Q: What inspired you to write Aviva vs. the Dybbuk, and how did you create your character Aviva?
A: I’d been dissatisfied with many of portrayals of Orthodox Jews in the media, and I had wanted to write a piece in which my community was the backdrop instead of the story. And I’ve always been fascinated by dybbuks and fantastical Jewish mythology, so I wanted to write something with that!
The mikvah was the perfect setting because of its own place in mysticism and how it is such a private, almost secret spot even within the community.
Aviva herself is a bit of amalgam of every middle schooler I grew up with and know today, paired with her own situation. She has been deeply affected by her father’s loss and by years living with a parent with depression, and I tried to create the character with that in mind. Will she want to reach out to the people around her? Will she have the skills for it?
I also tried to find that defensive-protective combination that comes with growing up with a mother who isn’t the norm, where there is a lot of love in the house but not the degree of care that an 11-year-old girl might need.
My strategy is usually to write a couple of chapters with a character until I’ve gotten a feel of who she is, and then to step back and analyze the characteristics I’ve given her for accuracy and consistency. I wanted Aviva to be, at her core, an ordinary girl coping with several tremendous burdens.
Q: The Publishers Weekly review of the book says, in part, “Lowe portrays Aviva and Ema’s mourning with a gentle touch, gradually building to an ending that points toward spiritual and emotional healing, thanks to the steadfast support of their Jewish community, especially its women.” What do you think of that description, and did you know how the novel would end before you started writing it?
A: I love it! It’s very much what I intended with the story, and it’s so gratifying to see that the text is portraying it. In particular, the role of women within the story was something that I considered while I was writing.
Of course, the story primarily takes place above a women’s mikvah, so women were always going to be the story, but something that has always struck me about the Orthodox community is how easily a girl can grow up entirely with women.
We go to all-girls’ schools where male teachers are rare, if present at all, and the major influential figures within our lives are usually women. And women here organize and create our own community where those who are struggling are quietly taken care of in subtle ways, like the women who visit Aviva’s mikvah just to keep it running and leave generous tips.
I think I knew how the novel would end fairly early on. Well, not entirely– there were about 20 pages of machanayim that I cut out of the final chapter! But the overall themes and reveals were something that became clear to me as I wrote the early chapters.
I don’t think I was even aware that Aviva had lost her father until the end of the first chapter, though. Before writing, I had envisioned the story as a lighter portrayal of a girl, a dybbuk, and its antics. But as soon as I had written the last paragraph of Chapter One, I knew that this was going to be a more serious story. The rest came together soon after that.
Q: What do you see as the role of the dybbuk in the novel?
A: Dybbuks are an interesting concept. Early stories of dybbuks usually involve a possession and something similar to an exorcism. Most likely, the “dybbuk” was actually schizophrenia or dementia that people in the Middle Ages didn’t understand, and that wasn’t the kind of dybbuk that I thought would be appropriate today.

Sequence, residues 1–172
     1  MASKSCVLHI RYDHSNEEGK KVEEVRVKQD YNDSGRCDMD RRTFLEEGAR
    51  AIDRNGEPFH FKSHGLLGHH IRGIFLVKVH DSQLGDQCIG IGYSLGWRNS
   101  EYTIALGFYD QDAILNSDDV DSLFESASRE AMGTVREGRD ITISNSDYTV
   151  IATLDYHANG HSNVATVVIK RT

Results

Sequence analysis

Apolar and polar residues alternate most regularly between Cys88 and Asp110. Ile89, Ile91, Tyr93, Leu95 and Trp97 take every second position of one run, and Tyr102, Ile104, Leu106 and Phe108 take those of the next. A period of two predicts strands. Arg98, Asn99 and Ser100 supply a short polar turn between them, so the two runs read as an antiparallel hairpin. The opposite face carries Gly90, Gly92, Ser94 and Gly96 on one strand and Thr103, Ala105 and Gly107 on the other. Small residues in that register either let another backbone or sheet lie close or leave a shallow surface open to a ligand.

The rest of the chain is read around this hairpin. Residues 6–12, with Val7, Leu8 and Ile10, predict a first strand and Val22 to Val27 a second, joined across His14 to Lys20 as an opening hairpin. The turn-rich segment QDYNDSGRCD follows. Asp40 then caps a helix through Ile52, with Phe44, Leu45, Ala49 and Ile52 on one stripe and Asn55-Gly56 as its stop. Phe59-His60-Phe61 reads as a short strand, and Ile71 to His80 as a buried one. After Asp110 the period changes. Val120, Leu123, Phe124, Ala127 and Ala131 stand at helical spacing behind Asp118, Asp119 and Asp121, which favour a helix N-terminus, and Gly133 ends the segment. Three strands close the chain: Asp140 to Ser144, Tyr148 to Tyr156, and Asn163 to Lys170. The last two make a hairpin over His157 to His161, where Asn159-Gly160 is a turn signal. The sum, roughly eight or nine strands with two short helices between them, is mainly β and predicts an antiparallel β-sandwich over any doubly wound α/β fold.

Instead, I wanted to explore the idea that the dybbuk is a spirit that won’t rest, that exists in the liminal spaces between life and death. Aviva and her mother are both trapped in that same space, lost in a grief that has them standing still, and a dybbuk felt like the perfect manifestation of their situation.
Without spoilers, the dybbuk plays multiple roles within the story, but I think that this is really where the core of its story is– existing as a companion to this family as it remains immobilized, and unnecessary outside of their house of mourning. It’s why it never leaves the mikvah, and why, eventually, the end of its story signifies the start of their healing.
Q: What do you hope readers take away from the story?
A: I certainly hope that they’ll come out of it with a greater understanding of the Orthodox Jewish community! There are some absurd caricatures out there that are much more widespread than the truth, and I hope to dispel them or at least provide a counterpoint.
Middle grade is a great age to write for because it’s when kids are starting to think in shades of grey, finding nuance in what they read, and early assumptions can be challenged and reconsidered. Aviva lives in a community that might be unusual to some readers, but I do think that many readers will find more commonality with her than they’d expect.
And that goes for more than just the setting! Aviva is someone who has lost a parent, who has a parent struggling with mental health, and who herself has those struggles, too. She’s a character who has lost a friend and is learning how to reclaim her with grace, and she’s a girl who has trouble sitting still in class but is a pro with a ball.
I hope that there is plenty to relate to with her, and I hope that readers enduring similar situations will feel a connection that might provide them with comfort or encouragement.
Q: What are you working on now?
A: I’ve got another book in the works, this one a middle grade thriller set in a similar community which will tackle concepts like toxic friendships, belonging, and forgiveness. I’m also working on a short story for a Passover-themed anthology, and I’ve been contemplating a third book which will be set in a modern-day ir miklat. But that’s a possible project for this summer!
--Interview with Deborah Kalb